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Monday, 4 November, 2002, 20:20 GMT
Ford recalls almost 600,000 cars
Ford Focus
A problematic battery cable could cause a fire
Ford has recalled almost 600,000 Focus cars due to potential safety problems.

Engine fires and other difficulties with the Focus sparked the recall.

The 572,795 Focus cars in question were released in 2000 and 2001, most of them in the US but some have been sold in Canada, Mexico and a number of other countries.

The recall follows previous safety concerns with its best selling Ford Explorer sports utility vehicle, or light truck, which has been involved in several fatal rollover crashes.

Following the latest recall, Ford has issued 11 safety recalls for the Focus since it was launched in 1999.

"We are serious about improving not just the quality of the new Focus, but also the reliability of Focus cars from prior model years,"" said Sue Cischke, Ford vice president for environmental and safety engineering.

Bolt loose

Ford said a bolt in the front suspension of the Focus is in danger of coming loose.

This would at best cause noise and vibration, and at worst the ball joint could be separated.

A separate problem, with the high performance Zetec engines, used in some Focus cars, relates to the way a battery cable has been positioned.

Its position could result in smoke, wire melting or fires under the bonnet.

"Although these two concerns are rare occurrences, they could have safety consequences and we want to ensure our customers' peace-of-mind," said Ms Cischke.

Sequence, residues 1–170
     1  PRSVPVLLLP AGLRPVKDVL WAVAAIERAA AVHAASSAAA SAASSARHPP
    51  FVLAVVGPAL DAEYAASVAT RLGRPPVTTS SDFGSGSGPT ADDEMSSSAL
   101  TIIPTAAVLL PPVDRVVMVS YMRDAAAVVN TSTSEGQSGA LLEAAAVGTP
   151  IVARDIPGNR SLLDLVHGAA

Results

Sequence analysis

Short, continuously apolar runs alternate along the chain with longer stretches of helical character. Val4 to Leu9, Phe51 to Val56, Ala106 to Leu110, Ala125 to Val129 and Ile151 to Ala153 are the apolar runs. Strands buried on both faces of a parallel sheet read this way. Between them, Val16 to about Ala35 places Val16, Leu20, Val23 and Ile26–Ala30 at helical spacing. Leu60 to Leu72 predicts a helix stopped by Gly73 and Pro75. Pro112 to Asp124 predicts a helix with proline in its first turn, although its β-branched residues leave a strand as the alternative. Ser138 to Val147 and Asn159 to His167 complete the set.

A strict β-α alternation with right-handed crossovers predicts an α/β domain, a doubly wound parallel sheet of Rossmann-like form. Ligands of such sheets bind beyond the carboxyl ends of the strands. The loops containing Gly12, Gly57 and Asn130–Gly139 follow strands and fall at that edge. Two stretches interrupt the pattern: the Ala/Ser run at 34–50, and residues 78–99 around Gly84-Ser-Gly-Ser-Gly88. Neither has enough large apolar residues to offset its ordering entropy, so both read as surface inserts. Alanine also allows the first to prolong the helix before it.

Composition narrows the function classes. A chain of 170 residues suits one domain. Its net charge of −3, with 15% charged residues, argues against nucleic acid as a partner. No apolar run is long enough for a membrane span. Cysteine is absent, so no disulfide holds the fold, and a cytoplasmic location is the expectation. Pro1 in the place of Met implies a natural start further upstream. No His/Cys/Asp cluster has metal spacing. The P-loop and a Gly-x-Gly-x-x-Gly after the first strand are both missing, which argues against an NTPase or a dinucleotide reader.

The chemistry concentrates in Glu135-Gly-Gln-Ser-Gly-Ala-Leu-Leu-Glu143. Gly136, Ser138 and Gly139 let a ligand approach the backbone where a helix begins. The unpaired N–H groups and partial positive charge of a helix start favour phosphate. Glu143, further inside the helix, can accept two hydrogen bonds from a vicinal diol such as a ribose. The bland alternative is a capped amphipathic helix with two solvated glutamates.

Ford also said it would extend its service programme for 2000-2001 Focus models over a separate problem with a rear-wheel bearing seal from 21 US states to all its North American customers.

Rollover crashes

Ford's latest recalls came soon after US safety investigators called for action to improve the safety of 15 passenger vans.

On Friday, the National Transportation Safety Board wrote to the chief executives of both Ford and General Motors, asking them to search for technology that would make it easier for drivers to control the vehicles.

"The safety board is vitally interested in this recommendation because it is designed to prevent accidents and save lives," said board chairman Carol Carmody.

The board also called for action from the regulator, the National Highway Traffic Safety Administration.

"These vans are not like cars. They don't handle like cars," said Ford spokeswoman Carolyn Brown.

"We do encourage the driver of the van to get training."


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